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Tracks - Cinemaholic Movie Reviews
one person's obsessive addiction to film
Directing: B+
Acting: B+
Writing: B
Cinematography: B+
Editing: B+

To summarize Tracks, which is pretty easy to do, is to oversimplify it: a young loner of a woman walks, mostly by herself, from the middle of Australia to its west coast. She takes along four camels, carrying equipment, and her dog.

But this is based on the true story of Robyn Davidson, played competently here by Mia Mia Wasikowska, with a script based on Davidson's own autobiographical account. As directed by John Curran, the film mostly sticks to an oddly comforting unpredictability, offering occasionally hypnotic images of the desert scenery. This is how basically true stories are when done well. Only the last five minutes or so slip into more typical cinematic contrivance, but the journey we take with Robyn up to that point makes up for it.

The first quarter or so of the film doesn't just introduce us to Robyn, but shows how she took a couple of years to prepare. The story begins in Alice Springs, widely known to be a town as close to the middle of nowhere as one can get. Robyn works for room and board in several different places, a couple of them working with feral camels. It seems that after importing camels in the 19th century, and then released into the wild after being replaced by motorized transport, by the 1970s Australia had the largest feral camel population in the world. Who knew? It's not just all kangaroos and koalas out there.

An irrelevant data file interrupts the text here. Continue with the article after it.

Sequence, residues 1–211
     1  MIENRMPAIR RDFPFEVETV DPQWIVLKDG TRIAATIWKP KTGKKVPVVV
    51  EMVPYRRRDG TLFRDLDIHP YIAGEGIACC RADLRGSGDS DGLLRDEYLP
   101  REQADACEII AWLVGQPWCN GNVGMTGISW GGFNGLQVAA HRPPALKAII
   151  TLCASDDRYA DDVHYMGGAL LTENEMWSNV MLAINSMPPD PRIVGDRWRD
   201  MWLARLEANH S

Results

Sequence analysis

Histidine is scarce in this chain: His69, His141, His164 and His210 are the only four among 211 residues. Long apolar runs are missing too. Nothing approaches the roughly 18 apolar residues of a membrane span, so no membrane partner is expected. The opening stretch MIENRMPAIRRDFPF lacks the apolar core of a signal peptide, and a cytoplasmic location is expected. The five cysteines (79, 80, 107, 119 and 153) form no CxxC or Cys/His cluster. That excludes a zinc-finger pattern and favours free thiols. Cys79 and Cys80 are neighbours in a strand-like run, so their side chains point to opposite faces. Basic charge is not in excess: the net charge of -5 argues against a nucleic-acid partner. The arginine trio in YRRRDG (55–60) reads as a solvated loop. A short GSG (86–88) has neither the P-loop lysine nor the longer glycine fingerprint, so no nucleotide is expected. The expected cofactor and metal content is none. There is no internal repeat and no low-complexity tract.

Robyn Davidson prepared between 1975 and 1977, learning how to break and train camels, and eventually procuring four of them for herself. She tells us in her voice-over narration that she has no clear reason she can give people for being so driven to walk this journey, although it seems her widower father once did something similar in Africa. (There are occasional flashbacks to a childhood during which her mother killed herself, perhaps to give us insight to her psyche, although these digressions never feel particularly vital.)

Unable to raise as much money as she needs, Robyn meets National Geographic photohrapher Rick Smolan (Adam Driver), who helps facilitate his magazine sponsoring her trip -- in exchange for him meeting up with her several places along the way to take photos. Naturally a bit of romance occurs between the two of them, and not having read the original account, I can't speak to the truth, but it feels very much like movie-obligatory romance -- even though it characterizes Rick getting a bit of the wrong idea out of it.

Tracks doesn't quite get to Cast Away levels of solitude for its protagonist, although plenty of time is spent just with Robyn and her animals. There are plenty of scenes with Rick, and Robyn meets a whole host of people in her travels, from rural residents offering a helping hand to Aborigines who offer her a guide through sacred areas where women are not allowed unaccompanied. At one point, Robyn goes to skin a kangaroo, and her guide insists she let him do it, as women aren't allowed. We never learn why this is, exactly.

But that's a lot of what makes Tracks work: why is generally not known, particularly for a young woman with this unique drive and compulsion. But Wasikowska pulls us along with her performance of steely stoicism, and quiet resolve that compels us to root for her to keep going until she reaches the coast. Her journey's end winds up being slightly too Hollywood-happy considering the tone of the rest of the film, but this is one of those cases where it's the journey and not the destination that matters.

Mia Wasikowska takes a lonely and picturesque journey in TRACKS.

Overall: B+
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